Statistical Summer: 10 Teams That Disregarded Statistics

Yesterday, we looked at 10 teams that needed statistical advantages in order to win games in 2013. Today, we’ll look at the teams whose seasons (and trends) cut in the opposite direction. These teams won in spite of the stats, not because of them:


10 – TROY

Last season, the Trojans were 2-4 in FBS games when they gained more first downs than their opponents. They were 3-2 when gaining fewer first downs. This pattern continued for the Alabama-based school in other statistical categories. Troy’s record when gaining more passing yards (2-4) was worse than its record when gaining fewer passing yards (3-2). The Trojans were also 3-3 in games with a negative turnover differential. Their record in FBS games in which they were even or better in turnover differential: 2-3, a slight decline.


Last season, the Hurricanes played seven regular-season FBS games in which they gained fewer first downs than their opponents. They went 5-2 in those games.


The Cowboys were unbeaten during the regular season in 2013 under three scenarios: When they gained fewer total yards than an opponent (3-0); when they gained fewer rushing yards (4-0); and when they gained fewer passing yards (4-0). Oklahoma State’s regular-season losses came in games when coach Mike Gundy’s team posted a statistical advantage in those three categories.

Mike Gundy's Oklahoma State Cowboys didn't care very much for yardage-based advantages in 2013. The Cowboys' relationship to stats was fairly unique among FBS teams last season.

Mike Gundy’s Oklahoma State Cowboys didn’t care very much for yardage-based advantages in 2013. The Cowboys’ relationship to stats was fairly unique among FBS teams last season.



The Owls were 4-2 last season when committing more penalties than the opposition. They were 2-4 when committing fewer penalties than their foes.


The Huskies committed more penalties than their opponents in nine of 11 FBS games from the 2013 regular season. That didn’t stop them from winning (most of the time). Washington went 6-3 in those nine games. The Huskies split the two games in which they were even or lower on the penalty count.


The Red Wolves had a better record (4-2) in games when they were outpassed by an opponent, compared to when they racked up more passing yards in a game (2-3). Arkansas State, at least in terms of its win-loss record, was better when committing more penalties in games (4-3) as opposed to being even or lower (2-2). The Red Wolves were 1-0 when committing more turnovers, but 2-4 in games with an even turnover differential.


In some respects, the Buckeyes depended on statistical advantages, especially in the realm of rushing yards. They outrushed opponents in all 12 FBS games from the past regular season. However, in other aspects of competition, Ohio State cut against the grain. Urban Meyer’s team went 8-1 when it was outpassed by an opponent; 5-1 when it committed more penalties; and 4-0 when it committed more turnovers. One wonders what Woody Hayes would have thought of those statistical realities. At any rate, Ohio State’s talent (and perhaps the lack of strength on its schedule) enabled this team to transcend numbers a year ago.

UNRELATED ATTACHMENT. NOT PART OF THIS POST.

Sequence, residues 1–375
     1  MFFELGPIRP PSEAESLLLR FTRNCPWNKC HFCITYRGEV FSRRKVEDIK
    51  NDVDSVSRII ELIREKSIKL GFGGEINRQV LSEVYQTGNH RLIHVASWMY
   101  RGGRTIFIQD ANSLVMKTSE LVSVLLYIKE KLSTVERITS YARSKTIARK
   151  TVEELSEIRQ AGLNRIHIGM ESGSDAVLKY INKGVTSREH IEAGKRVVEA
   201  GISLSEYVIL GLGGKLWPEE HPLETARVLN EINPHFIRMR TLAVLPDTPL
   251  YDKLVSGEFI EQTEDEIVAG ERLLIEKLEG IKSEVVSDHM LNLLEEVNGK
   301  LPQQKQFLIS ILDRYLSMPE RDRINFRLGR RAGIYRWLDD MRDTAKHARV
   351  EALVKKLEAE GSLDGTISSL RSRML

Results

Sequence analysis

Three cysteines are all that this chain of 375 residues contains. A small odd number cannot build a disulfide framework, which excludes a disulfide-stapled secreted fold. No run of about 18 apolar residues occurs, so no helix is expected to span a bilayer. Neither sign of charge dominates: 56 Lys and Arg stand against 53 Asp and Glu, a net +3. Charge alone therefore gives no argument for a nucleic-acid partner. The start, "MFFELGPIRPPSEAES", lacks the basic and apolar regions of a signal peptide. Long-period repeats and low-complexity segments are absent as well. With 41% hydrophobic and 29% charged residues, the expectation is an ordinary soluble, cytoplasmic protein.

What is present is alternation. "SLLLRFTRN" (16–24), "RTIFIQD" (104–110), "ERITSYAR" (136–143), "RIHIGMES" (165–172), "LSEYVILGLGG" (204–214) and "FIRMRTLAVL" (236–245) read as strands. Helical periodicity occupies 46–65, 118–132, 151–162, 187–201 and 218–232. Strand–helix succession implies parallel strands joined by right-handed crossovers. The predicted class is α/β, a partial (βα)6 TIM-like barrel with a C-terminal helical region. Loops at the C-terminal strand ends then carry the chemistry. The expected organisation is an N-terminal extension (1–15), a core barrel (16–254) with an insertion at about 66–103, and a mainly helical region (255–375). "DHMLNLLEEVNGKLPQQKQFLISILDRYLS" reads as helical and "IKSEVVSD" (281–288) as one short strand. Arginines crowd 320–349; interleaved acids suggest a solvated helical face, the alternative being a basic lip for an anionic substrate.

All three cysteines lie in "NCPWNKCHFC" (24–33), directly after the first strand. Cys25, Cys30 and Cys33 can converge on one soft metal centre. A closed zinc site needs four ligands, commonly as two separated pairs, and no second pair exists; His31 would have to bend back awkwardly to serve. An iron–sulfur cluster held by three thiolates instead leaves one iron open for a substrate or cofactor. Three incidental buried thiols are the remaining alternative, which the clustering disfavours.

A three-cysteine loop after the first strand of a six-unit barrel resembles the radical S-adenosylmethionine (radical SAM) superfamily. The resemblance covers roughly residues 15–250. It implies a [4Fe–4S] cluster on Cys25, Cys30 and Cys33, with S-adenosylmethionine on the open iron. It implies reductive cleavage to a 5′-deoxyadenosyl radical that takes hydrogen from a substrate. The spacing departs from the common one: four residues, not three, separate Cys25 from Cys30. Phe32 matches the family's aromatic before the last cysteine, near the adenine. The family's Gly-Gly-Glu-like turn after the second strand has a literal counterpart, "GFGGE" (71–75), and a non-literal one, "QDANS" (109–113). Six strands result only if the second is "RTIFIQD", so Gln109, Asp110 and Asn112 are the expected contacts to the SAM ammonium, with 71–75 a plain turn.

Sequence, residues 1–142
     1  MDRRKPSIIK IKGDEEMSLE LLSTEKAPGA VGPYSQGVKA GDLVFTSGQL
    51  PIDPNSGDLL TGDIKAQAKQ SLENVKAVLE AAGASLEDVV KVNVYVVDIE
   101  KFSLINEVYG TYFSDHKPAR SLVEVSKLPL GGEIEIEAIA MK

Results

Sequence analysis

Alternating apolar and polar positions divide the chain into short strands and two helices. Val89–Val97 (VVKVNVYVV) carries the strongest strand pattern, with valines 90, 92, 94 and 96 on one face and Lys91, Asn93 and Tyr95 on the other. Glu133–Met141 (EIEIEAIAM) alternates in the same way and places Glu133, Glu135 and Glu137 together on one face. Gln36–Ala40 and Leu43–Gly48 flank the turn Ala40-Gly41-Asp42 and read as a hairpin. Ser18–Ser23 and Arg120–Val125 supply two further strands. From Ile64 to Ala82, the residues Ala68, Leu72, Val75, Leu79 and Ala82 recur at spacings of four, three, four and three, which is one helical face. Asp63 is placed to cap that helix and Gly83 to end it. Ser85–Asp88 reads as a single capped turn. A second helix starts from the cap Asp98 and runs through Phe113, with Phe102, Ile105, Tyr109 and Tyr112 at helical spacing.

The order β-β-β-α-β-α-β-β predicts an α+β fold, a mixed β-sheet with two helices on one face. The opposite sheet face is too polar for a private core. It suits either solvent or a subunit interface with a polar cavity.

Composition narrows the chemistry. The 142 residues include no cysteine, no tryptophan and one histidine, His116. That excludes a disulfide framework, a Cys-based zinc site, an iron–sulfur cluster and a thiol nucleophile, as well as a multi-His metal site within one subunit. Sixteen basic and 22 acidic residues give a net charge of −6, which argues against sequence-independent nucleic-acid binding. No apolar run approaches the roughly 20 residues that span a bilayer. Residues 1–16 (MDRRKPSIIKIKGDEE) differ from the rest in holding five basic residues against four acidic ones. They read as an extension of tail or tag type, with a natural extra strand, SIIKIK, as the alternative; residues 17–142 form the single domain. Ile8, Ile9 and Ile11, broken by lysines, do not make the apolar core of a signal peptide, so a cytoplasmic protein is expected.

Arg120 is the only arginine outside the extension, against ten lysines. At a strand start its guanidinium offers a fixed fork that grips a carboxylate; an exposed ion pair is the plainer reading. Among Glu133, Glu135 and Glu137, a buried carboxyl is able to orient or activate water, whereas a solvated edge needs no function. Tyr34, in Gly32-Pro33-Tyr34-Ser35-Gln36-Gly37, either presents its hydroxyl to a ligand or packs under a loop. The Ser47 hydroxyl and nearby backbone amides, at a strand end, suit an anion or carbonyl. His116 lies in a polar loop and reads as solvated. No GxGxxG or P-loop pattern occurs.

The Wolverines were 3-0 when committing more turnovers last season, 3-5 when not (3-4 with a positive turnover differential, 0-1 with an even turnover differential). Phrased differently, Michigan won ugly, and since its offense wasn’t pretty, other teams could commit more turnovers than the Wolverines yet still gain ample chances to win, sometimes cashing them in.


The Bulldogs were another team that went 4-0 in 2013 when committing more turnovers than the opposition. Derek Carr and the rest of the offense were routinely able to compensate for mistakes.



This image gets the point across: Auburn didn't do things in a conventional way last season. The Tigers won in a way that could be characterized as anything but "normal."

This image gets the point across: Auburn didn’t do things in a conventional way last season. The Tigers often won in a manner that could be characterized as anything but “normal.”

It makes sense that the Tigers would not be easy to categorize. Sure, this team — like Ohio State — consistently outrushed its opponents, winning one of football’s more important statistical battles. Auburn outrushed opponents in 10 of 12 FBS regular-season games. However, in several other ways, coach Gus Malzahn’s team defied the numbers. Auburn was 5-0 last season when gaining fewer first downs than an opponent; 8-1 when getting outpassed; 4-0 when committing more penalties; 4-1 when committing more turnovers; and 7-0 when losing the time-of-possession battle on a regular-season gameday.

To the very end in 2013, these Tigers were different kinds of cats.

About Matt Zemek

Editor, @TrojansWire | CFB writer since 2001 |